The Chancellor also announced an investment of £138m in the grandly monikered UK Collaboratorium for Research in Infrastructure and Cities (UKCRIC). UKCRIC will be based in London, Birmingham, Southampton, Sheffield and Newcastle and will research the economic and environmental aspects of infrastructure development.
Investment in technology and digital economy
The Budget also set out plans to invest in digital infrastructure, especially emerging technologies related to the Internet of Things (IoT) and smart cities. The announcements included a £140 million investment in research and development into ‘cities of the future’ and another £600 million invested in broadband enhancements (including satellites) and IoT technology.
Meeting its own broadband rollout targets has been something of a problem for the government and so there are plans to try to crack this particular nut once and for all so that all areas of the UK, including remote and rural communities can enjoy reliable broadband speeds of at least 100mbps.
The sharing economy
Another modish technological idea addressed by the Chancellor in the Budget was the sharing economy. He claims the government will now be adopting this as a key policy area and encouraging public sector bodies to take advantage of the sharing economy with regard to their own operations. The government is throwing its weight behind the idea with the creation of a new industry body, Sharing Economy UK (SEUK) and two specialist hubs in Manchester and Leeds to promote the idea pioneered by the likes of Airbnb. Again, the announcement was made with regard to the need to spread development across the country with the Chancellor suggesting the sharing economy is well established and important in London but underdeveloped in the rest of the UK. The Budget included an announcement that in Leeds and Greater Manchester will be taking part in a ‘Sharing City’ scheme to pilot ideas about shared office space, skills and transport.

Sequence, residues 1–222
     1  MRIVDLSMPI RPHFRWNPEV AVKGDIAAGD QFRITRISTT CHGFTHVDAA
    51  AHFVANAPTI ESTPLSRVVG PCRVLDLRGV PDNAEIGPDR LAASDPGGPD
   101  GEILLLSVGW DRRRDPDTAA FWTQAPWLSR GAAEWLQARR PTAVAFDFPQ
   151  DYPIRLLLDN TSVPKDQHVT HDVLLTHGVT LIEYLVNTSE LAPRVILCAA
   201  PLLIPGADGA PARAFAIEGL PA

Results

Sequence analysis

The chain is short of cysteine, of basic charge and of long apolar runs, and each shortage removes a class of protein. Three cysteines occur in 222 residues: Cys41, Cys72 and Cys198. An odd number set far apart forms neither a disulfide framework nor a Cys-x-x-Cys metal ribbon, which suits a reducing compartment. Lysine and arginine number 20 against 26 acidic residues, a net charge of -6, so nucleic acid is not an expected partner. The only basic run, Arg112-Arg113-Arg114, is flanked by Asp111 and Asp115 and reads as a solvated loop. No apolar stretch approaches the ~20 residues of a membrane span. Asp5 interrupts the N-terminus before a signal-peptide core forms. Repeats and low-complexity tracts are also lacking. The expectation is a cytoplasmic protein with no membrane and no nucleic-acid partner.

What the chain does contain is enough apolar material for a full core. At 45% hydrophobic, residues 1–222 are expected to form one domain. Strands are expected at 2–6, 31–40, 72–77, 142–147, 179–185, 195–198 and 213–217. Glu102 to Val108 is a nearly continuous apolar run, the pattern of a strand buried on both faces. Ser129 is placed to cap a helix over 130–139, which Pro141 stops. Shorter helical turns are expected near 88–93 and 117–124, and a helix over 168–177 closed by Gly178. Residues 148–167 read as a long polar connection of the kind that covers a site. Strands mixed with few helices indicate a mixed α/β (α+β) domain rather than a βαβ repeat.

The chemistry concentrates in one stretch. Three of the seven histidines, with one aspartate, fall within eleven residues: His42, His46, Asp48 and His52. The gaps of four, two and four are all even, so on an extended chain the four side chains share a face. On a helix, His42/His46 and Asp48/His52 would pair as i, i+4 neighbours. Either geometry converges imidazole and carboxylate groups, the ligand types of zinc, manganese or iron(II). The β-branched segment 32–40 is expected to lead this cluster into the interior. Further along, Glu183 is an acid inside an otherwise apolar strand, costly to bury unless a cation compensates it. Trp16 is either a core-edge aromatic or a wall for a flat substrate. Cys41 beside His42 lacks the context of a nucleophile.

Investment in driverless technology
Yet another ‘insurgent technology’ to be given a punt by the Budget is driverless technology. Earlier this week a speaker from Google announced in a TED Talk that he expected driverless cars to be commonplace on the roads within five years. As it is with other technologies, the government is determined to remain at the forefront of developments with a an investment of £100m into driverless vehicles. The vehicles will be piloted on roads in Milton Keynes, Bristol, Coventry and Greenwich.
Government property and procurement
The past five years have seen a number of changes in the way the public sector has used property and gone about buying goods and services, as we have regularly reported. The Budget continued announcements on these twin themes, especially in areas that are already being addressed. These include an assessment of procurement and property in the National Health Service’s enormous estate. There is also to be a new central body (the latest of many) which will own and manage the government estate and report to the Treasury and the Government Property Unit.